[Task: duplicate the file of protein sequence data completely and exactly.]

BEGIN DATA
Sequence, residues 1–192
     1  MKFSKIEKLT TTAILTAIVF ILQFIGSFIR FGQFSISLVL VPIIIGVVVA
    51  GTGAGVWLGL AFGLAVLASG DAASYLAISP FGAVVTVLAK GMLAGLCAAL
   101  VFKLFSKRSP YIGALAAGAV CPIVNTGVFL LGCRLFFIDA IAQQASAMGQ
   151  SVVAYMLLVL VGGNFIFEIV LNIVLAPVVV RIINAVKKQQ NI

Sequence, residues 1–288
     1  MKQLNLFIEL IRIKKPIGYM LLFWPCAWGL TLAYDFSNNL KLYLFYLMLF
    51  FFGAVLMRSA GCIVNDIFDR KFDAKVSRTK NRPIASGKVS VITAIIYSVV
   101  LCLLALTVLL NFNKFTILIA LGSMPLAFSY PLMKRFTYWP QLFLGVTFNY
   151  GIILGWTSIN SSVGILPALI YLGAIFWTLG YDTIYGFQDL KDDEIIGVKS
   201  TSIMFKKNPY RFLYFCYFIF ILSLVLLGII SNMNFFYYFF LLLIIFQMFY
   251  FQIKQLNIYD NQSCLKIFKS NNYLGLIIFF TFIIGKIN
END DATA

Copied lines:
Sequence, residues 1–192
     1  MKFSKIEKLT TTAILTAIVF ILQFIGSFIR FGQFSISLVL VPIIIGVVVA
    51  GTGAGVWLGL AFGLAVLASG DAASYLAISP FGAVVTVLAK GMLAGLCAAL
   101  VFKLFSKRSP YIGALAAGAV CPIVNTGVFL LGCRLFFIDA IAQQASAMGQ
   151  SVVAYMLLVL VGGNFIFEIV LNIVLAPVVV RIINAVKKQQ NI

Sequence, residues 1–288
     1  MKQLNLFIEL IRIKKPIGYM LLFWPCAWGL TLAYDFSNNL KLYLFYLMLF
    51  FFGAVLMRSA GCIVNDIFDR KFDAKVSRTK NRPIASGKVS VITAIIYSVV
   101  LCLLALTVLL NFNKFTILIA LGSMPLAFSY PLMKRFTYWP QLFLGVTFNY
   151  GIILGWTSIN SSVGILPALI YLGAIFWTLG YDTIYGFQDL KDDEIIGVKS
   201  TSIMFKKNPY RFLYFCYFIF ILSLVLLGII SNMNFFYYFF LLLIIFQMFY
   251  FQIKQLNIYD NQSCLKIFKS NNYLGLIIFF TFIIGKIN